District Attorney Rosemary Lehmberg announced last week that hundreds of criminal cases in Travis County could be subject to appeal because of a change in DNA standards. Initially estimated in the hundreds, the number of cases has begun to look much higher, with anywhere from 4,000 to 5,000 cases that may be up for appeal.
The District Attorney’s Office says they’ve already notified some inmates sitting on death row that their case may be subject to appeal. So, what’s to blame for this mountain of cases that will have to be reviewed? Assistant District Attorney Robert Smith says one reason has to do with an FBI database that spits out statistics when you’re looking at a piece of DNA.
Smith says the Combined DNA Index System database, known as CODIS, supplies a probability in each case – whether the DNA submitted belongs to a defendant, or somebody else. Smith says it turns out those probabilities were off by a little and that it’ll affect cases going all the way back to 1999, when the database error occurred.
Smith says this is the lesser of the two issues affecting the cases.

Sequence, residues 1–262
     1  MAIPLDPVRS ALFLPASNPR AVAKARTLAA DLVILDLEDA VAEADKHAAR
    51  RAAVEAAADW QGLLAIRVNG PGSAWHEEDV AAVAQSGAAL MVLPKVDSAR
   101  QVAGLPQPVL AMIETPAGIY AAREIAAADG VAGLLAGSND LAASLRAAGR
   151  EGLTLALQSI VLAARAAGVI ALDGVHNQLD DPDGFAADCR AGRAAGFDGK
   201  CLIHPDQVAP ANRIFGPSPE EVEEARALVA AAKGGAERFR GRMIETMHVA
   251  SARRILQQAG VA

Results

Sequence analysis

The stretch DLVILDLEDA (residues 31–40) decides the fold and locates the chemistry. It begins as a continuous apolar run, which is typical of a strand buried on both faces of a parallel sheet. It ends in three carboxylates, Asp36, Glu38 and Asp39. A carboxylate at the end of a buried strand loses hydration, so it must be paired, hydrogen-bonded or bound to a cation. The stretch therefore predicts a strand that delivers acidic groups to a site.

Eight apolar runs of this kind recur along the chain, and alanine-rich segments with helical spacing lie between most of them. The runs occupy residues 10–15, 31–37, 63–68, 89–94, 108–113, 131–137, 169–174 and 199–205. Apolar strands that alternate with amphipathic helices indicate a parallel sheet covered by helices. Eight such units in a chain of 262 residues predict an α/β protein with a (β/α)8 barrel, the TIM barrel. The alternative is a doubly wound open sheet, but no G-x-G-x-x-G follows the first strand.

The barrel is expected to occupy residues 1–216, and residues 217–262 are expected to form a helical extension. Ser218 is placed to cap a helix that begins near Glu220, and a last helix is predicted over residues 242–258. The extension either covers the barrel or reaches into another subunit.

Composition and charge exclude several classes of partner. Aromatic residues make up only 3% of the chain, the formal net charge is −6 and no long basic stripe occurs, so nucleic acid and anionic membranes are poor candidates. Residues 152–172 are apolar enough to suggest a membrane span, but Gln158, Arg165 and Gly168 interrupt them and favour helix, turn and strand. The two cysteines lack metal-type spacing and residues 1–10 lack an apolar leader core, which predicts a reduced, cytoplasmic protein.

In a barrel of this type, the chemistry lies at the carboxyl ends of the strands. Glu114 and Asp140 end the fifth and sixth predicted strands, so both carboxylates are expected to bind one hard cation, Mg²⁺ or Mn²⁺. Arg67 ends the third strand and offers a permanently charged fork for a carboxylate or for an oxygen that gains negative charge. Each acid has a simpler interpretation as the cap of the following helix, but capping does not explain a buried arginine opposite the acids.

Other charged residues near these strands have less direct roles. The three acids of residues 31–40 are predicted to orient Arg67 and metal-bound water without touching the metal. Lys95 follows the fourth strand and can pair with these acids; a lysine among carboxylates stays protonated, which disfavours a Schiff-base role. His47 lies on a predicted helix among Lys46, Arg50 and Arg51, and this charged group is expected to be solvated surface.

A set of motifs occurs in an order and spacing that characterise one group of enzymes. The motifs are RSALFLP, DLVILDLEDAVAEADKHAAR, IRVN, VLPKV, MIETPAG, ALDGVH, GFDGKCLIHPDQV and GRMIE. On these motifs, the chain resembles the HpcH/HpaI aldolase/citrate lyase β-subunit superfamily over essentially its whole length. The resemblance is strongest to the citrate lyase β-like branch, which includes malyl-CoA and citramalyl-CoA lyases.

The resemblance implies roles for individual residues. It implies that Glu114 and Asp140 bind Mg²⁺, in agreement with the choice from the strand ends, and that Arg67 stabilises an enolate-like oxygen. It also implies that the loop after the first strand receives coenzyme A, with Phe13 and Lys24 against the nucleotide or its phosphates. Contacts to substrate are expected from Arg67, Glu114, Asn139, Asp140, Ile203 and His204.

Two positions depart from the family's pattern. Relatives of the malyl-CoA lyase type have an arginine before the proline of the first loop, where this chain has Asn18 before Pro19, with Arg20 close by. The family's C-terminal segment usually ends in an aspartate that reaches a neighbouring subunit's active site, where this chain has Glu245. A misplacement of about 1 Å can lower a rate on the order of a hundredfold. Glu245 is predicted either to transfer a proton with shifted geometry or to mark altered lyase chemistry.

“It used to be with DNA, we would just show up and there’d be a big pile of blood, and it would be one person. Now it’s getting more into touch DNA, where we’re swabbing steering wheels, and we’re finding two or three people who might’ve been suspects in the case,” Smith says.
That results in a mixture of DNA, he says, but, when you test it, there are peaks. So, if a suspect’s DNA shows up and hits a certain threshold, the standards would identify the suspect – if they touched the steering wheel or the doorknob, in Smith’s example.
But the Texas Forensic Science Commission is now saying that this threshold needs to be higher, which brings into question another slew of cases.
The commission is impaneling a group of both scientific and criminal justice experts to address “challenging forensic problems such as those inherent in DNA mixture interpretation,” the agency said in a letter addressing the amended threshold and the FBI’s correction to its database.
Travis County says it will have to hire additional attorneys and paralegals for its Conviction Integrity Unit to review the cases. Officials are not yet sure how much that’ll cost.